Monday, August 03, 2020
Herman Cain plus Biden & the VP decision and confusion over Covid-19 08/03 by Silvio Canto Jr | Politics:
The story of the late Herman Cain......Biden and the VP problem.....Columbus 1492......Too much confusing information about the virus.....Happy # 94 Tony Bennett......and other stories......click to listen:
Herman Cain passed away a few days ago. He was 74 and died of COVID-19.
It did not take long for some to blame Cain’s death on the Trump rally or the lack of a mask.
Unfortunately, these people forgot that Mr. Cain was given a 30% chance of survival from stage 4 colon cancer that had spread to his liver. He underwent chemotherapy and surgery to remove the cancer from his liver and was declared cancer-free in 2007.
The other side of Mr. Cain is that he was an African-American success story.
I read about his life in a campaign book published in 2011. He grew up in Atlanta as the son of a chauffeur and a domestic worker. After college, he started his corporate career with Coca-Cola and the Pillsbury Company and was eventually named CEO of Godfather’s Pizza. He later led the National Restaurant Association, lobbying on Capitol Hill.
He was convinced that a good education, hard work and persistence would bring success to every American, regardless of color or creed. As a Black man growing up in the deep south during Jim Crow, he must have faced enormous obstacles. But I never heard him complain, or blame others.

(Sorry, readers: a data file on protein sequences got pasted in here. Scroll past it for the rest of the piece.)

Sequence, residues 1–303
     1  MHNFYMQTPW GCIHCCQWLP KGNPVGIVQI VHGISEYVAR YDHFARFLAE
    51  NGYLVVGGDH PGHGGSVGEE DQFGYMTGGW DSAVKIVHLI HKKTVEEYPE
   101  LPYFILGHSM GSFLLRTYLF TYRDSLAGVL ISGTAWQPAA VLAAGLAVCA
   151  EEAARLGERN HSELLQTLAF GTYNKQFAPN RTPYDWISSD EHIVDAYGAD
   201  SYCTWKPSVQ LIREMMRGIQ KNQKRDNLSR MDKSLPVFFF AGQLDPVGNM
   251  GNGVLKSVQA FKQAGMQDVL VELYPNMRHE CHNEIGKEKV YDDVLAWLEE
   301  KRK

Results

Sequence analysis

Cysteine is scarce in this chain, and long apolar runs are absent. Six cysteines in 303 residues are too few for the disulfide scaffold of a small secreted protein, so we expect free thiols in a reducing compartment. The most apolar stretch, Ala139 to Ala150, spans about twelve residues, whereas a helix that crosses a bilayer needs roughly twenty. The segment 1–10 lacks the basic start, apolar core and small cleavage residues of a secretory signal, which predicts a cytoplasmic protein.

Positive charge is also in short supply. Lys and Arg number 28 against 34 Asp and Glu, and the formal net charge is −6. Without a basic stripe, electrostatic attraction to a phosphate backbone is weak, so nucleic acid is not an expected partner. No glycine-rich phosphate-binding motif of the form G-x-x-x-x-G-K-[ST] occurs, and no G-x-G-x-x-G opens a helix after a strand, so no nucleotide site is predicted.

Sadly, no one will remember Herman Cain in our schools. This is because he was a black Republican and a man who understood that looking back never improved anyone.
Rest in peace, Mr. Cain.
Just heard this one on the radio a few days ago. "The Kingston Trio" recorded the best version of this song. (I guess that Peter Paul & Mary has the second best version).
According to songfacts, Pete Seeger wrote this song as a call for peace. He was inspired by Mikhail Sholokhov's novel “And Quiet Flows the Don”, which is about Czarist Russia.
In a 1988 interview with Paul Zollo, Seeger explained:
"In one of the early chapters, it describes the Cossack soldiers galloping off to join the Czar's army.It's a great song!
And they're singing: 'Where are the flowers? The girls have plucked them. Where are the girls? They've all taken husbands. Where are the men? They're all in the army. Gallop, gallop, gallop, wheeeee!'
I stuck the words in my pocket. "
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